Money dread: how to start neutralizing it

Ever get those pre-login butterflies when you’re about to sign in and check your bank account balance? Mmm, yeah. My least favorite flavor of nausea.

I’ve been tossing around the idea of home ownership, which has brought me face-to-face with an archnemesis who’s familiar to sooOoO many of us ADHDears: my wimpy fucking credit score.

Just kidding. Well, kind of? I used to have a legitimate sense of loathing for my credit score and what I believed it meant:

“Why the hell should some number decide so much about me and my opportunities? Why do my financial mistakes have to haunt me for seven entire years? And why—W H Y—do I need a credit card to build good credit if credit cards are part of the reason I have wimpy credit? THIS GAME IS RIGGED AND I WANT A FAIR REMATCH.”

I used to hate checking in on my credit score—and bank account, and unpaid balances, and all that funny money stuff—because I mysteriously felt like total shit every time I did.

At the time, I thought it was because of the red text lighting up my checking account, or the “can’t even lend you a can of beans” credit score, or the interest accruing on my student loans that could just send me to college a second time. It wasn’t any of those things! If you know me a bit, you know what I’m going to say next:

IT WAS MY THOUGHTS AGAIN. These rascals, I tell ya…

Really charming, uplifting stuff like:

“This would be better if you were more responsible and on top of stuff.”

“You’ll be broke forever because you hemorrhage money.”

“See? This is what happens when you indulge, you greedy fuck.”

Ahaha. Yeah. That wasn’t working. Here’s what DOES work:

Self-aware self talk for when you dread checking on money stuff

“This is just information.”

Your bank balance, credit score, unpaid bills—they’re all just MATH. Math is totally free of morality. It’s one of the most neutral, impartial things there is.

Numbers mean nothing about you, your level of responsibility, or your personal worth. They’re literally just data to work with.

So no, you’re not an irresponsible piece of shit, even if you only have $11 to your name. You’re still fantastic, and don’t you E V E R forget it.

“I appreciate every dollar that is and is not here.”

The money you do have now is more than you could otherwise have. Whatever money has temporarily cycled out of your account has gone on to make some helpful changes in your life.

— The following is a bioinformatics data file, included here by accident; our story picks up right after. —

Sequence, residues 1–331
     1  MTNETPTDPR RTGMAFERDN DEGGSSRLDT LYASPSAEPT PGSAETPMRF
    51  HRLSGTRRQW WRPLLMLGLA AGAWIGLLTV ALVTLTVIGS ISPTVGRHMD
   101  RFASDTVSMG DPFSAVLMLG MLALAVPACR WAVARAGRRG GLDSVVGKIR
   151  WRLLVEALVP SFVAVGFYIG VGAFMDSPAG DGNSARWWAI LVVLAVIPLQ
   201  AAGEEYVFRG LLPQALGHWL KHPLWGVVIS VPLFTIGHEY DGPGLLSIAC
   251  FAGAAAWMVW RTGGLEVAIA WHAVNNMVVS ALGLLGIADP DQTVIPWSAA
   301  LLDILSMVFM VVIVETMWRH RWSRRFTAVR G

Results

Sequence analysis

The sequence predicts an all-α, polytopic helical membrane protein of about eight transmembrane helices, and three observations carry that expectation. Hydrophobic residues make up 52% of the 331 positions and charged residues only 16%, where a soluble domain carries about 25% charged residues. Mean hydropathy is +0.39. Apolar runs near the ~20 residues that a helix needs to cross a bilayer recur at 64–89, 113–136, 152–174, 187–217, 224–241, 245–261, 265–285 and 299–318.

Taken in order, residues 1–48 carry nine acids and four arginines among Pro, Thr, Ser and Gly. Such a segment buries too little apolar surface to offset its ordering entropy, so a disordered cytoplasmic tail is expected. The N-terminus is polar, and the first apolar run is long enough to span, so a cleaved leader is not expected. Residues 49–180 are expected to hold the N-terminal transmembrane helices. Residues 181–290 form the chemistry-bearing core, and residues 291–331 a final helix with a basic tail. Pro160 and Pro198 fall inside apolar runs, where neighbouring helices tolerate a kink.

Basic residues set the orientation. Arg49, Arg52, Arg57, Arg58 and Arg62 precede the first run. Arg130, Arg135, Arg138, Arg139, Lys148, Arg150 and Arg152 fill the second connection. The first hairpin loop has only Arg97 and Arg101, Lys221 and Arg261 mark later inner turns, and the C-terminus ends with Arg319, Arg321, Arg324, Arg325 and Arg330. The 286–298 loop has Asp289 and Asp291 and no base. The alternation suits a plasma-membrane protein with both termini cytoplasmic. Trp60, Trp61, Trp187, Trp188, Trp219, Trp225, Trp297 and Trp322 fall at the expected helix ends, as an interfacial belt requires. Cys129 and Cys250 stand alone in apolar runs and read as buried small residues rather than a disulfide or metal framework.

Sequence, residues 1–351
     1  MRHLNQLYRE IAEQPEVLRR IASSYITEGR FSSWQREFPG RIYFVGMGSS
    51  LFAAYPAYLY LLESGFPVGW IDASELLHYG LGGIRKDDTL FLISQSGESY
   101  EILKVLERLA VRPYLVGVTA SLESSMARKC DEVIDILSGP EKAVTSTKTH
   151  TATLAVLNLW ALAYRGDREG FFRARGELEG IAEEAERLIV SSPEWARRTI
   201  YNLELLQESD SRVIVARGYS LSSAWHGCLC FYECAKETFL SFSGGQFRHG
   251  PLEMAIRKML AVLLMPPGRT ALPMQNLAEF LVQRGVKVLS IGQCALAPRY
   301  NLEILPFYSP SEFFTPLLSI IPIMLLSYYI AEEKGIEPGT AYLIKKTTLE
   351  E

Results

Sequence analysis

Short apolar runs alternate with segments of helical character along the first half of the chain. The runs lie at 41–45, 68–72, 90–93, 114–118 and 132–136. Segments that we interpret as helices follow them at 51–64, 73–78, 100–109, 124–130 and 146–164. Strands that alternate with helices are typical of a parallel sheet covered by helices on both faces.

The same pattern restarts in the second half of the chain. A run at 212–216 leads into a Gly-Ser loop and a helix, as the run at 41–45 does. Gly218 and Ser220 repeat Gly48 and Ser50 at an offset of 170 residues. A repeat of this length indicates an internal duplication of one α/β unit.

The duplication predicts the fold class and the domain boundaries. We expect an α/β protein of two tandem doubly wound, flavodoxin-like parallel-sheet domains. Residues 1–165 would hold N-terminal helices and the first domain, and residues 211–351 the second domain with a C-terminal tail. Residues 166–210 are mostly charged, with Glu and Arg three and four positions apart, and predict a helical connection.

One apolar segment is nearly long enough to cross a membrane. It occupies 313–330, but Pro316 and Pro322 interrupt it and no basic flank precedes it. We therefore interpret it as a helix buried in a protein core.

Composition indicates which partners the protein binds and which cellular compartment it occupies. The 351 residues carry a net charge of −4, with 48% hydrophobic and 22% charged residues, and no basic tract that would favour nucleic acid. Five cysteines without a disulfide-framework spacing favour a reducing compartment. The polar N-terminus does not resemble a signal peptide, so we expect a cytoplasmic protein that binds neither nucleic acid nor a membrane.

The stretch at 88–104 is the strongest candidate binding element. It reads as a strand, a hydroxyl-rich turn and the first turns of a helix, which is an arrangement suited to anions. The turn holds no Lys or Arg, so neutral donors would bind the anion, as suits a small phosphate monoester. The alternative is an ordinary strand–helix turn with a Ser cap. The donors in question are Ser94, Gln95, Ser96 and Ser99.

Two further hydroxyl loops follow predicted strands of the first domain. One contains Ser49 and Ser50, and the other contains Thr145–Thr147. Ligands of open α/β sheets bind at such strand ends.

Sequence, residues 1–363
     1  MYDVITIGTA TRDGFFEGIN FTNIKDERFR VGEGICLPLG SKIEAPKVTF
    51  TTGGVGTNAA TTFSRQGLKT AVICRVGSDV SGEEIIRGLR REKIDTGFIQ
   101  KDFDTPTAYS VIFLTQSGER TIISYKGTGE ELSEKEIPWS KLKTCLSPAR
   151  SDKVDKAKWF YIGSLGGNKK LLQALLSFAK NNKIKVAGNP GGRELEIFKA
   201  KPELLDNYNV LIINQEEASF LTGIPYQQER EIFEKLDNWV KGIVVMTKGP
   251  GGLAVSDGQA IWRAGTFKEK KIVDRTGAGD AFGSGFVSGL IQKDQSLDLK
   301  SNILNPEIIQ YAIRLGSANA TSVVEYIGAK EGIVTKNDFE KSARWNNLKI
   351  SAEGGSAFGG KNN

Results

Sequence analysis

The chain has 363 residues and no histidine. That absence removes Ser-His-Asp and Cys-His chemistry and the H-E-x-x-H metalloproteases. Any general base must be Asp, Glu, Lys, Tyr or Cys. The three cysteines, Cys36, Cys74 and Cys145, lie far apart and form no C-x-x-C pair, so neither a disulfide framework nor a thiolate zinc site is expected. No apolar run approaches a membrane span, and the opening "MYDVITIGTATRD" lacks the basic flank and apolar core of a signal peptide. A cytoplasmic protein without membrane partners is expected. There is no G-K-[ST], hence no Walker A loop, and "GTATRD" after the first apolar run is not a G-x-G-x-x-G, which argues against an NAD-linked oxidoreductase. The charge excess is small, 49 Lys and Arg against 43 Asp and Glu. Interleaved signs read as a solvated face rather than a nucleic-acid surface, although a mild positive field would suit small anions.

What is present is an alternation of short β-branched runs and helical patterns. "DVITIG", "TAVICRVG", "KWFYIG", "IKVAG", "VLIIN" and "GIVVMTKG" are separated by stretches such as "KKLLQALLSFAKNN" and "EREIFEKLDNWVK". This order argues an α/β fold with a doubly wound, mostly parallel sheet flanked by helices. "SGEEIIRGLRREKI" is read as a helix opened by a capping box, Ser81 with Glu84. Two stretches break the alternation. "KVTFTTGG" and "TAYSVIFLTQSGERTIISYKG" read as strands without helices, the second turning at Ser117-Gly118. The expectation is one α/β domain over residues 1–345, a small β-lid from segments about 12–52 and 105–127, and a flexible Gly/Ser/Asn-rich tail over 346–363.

Maybe it doesn’t seem that way at this moment, but if that’s the case, give it time: even if all you get is a valuable lesson, you still get a valuable lesson. 😉

Even if your account overdraws when your electric bill comes out, that money went to a good cause. You can appreciate more than just the dollars in your possession: try to also appreciate the real value they help you bring to your life, since that’s what really matters, anyway!

“I get to respect and love myself regardless of my balance.”

Remember: it’s always an option to be less of an asshole to yourself! No matter which numbers you see, decide in advance that you’ll treat yourself like a supportive friend, with very little interest in shame and judgement.

Because here’s the big reveal: your literal balance is actually irrelevant. You’ll decide what to think and feel about it, anyway. I suggest something like choosing to be proud of yourself for even being mildly concerned about it, in the first place!

Let it feel a bit lighter, gentler, and more fun to check in on your money. Yeah, it’s just a material possession, but having a simple, honest relationship with it is a solid investment into your mental health.

Because if there’s ever a favor you can do for yourself to make your life easier, do it. DO ITTT. You’re so absolutely worth it, I promise.

Here’s to less financial flogging and a mellower money mindset!

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